First, let me say that I am a bit out of my depth here, so if this question needs to be re-phrased or closed as a duplicate, please let me know. It may simply be that I don't have the proper vocabulary to express my question.
I am working on an image processing task in which I identify features in an image, and then classify them based on their properties, including shape, size, darkness, etc. I'm quite experienced with the image processing portion of this, but think I could improve the methods I use for classification of the features.
Right now, I set thresholds for each of the parameters measured, and then classify features according to some simple logic based on which thresholds the feature has crossed. For example (the actual properties and groupings are more complex, but I'm trying to simplify irrelevant portions of my project for this question), lets say I'm grouping features into the groups "Big and Dark," "Big and Light" and "Small". Then a feature $A$ will be in "Big and Dark" iff (size($A$)>sizeThreshold) & (darkness($A$)>darknessThreshold).
The goal is for the classification to agree with the classification done by an expert-level human, so I can set the thresholds to produce the best match between the groupings made by human and computer on some test set, and then hope that the classification works well with new data.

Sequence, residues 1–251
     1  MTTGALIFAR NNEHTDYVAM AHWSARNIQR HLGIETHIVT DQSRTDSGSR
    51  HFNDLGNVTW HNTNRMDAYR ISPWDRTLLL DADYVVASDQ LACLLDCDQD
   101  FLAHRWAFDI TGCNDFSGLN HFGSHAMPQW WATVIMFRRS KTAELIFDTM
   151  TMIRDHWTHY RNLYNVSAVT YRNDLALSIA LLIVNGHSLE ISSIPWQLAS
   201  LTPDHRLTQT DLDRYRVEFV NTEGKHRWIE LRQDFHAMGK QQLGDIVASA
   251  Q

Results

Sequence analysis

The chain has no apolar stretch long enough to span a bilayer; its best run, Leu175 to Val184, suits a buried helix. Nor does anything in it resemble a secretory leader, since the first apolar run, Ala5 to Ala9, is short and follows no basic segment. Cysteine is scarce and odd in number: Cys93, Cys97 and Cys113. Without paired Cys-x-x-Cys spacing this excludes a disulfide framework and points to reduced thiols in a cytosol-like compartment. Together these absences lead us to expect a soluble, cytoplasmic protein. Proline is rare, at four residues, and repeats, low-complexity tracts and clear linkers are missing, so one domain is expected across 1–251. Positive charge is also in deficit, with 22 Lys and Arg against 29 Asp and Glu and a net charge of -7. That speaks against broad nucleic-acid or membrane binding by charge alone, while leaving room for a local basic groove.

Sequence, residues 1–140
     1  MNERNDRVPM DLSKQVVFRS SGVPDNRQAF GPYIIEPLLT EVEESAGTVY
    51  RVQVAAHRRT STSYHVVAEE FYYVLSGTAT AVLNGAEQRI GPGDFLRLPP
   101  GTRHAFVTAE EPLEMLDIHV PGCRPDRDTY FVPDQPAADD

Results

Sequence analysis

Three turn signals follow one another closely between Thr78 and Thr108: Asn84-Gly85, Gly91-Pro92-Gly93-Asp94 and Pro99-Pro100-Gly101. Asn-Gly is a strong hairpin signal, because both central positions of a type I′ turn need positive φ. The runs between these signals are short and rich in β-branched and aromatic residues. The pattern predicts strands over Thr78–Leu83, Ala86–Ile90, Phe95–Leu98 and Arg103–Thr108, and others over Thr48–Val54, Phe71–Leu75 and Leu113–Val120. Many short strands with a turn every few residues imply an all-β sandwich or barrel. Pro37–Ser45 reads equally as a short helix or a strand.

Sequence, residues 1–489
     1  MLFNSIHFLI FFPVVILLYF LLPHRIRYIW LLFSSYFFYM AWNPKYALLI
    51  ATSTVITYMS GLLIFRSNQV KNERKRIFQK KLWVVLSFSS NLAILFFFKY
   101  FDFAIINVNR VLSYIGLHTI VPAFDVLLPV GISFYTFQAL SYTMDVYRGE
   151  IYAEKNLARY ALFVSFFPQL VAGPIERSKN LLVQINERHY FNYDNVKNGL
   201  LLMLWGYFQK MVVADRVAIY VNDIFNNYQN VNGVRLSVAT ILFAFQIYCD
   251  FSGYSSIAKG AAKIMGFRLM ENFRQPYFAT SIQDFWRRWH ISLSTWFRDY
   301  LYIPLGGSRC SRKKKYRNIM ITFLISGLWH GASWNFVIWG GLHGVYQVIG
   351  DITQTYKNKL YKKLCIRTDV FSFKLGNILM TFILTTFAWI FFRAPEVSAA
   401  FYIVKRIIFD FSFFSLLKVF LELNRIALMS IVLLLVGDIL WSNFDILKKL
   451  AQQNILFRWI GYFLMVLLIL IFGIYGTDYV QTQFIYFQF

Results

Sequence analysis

This is already working pretty well, but I see one particular failure mode which I think may be fixable. Let's say feature $A$ is known to belong to "Big and Dark." The human classified it in this way because, while is was just barely big enough, it was very very dark, which made up somewhat for the lack of "bigness." My algorithm would fail to classify this feature properly, because classification is based on rigid binary logic, and requires all thresholds to be crossed.
I would like to improve this failure by making my algorithm better mimic the human guided process, in which a deficiency in one parameter can be compensated by an abundance of another. To do this, I would like to take each of the base properties of my features, and convert them into some sort of score which would be a predictor of the group to which the feature belongs. I have thought of many ways of doing this, but they are mostly ad hoc ideas, based on my background in vector calculus and physics. For example, I've considered treating each feature as a vector in the N-D space of feature properties, and calculating the projection of each feature along certain vectors, each of which would measure the degree to which a feature belongs in the group.
I am sure there is a more rigorous and better established technique for doing this sort of thing, but my background is relatively weak in statistical analysis, so I'm looking for a shove in the right direction. Even the name of a technique, or a link to a textbook would be helpful.
TL;DR: What techniques are useful in classifying objects based on a large number of descriptive parameters?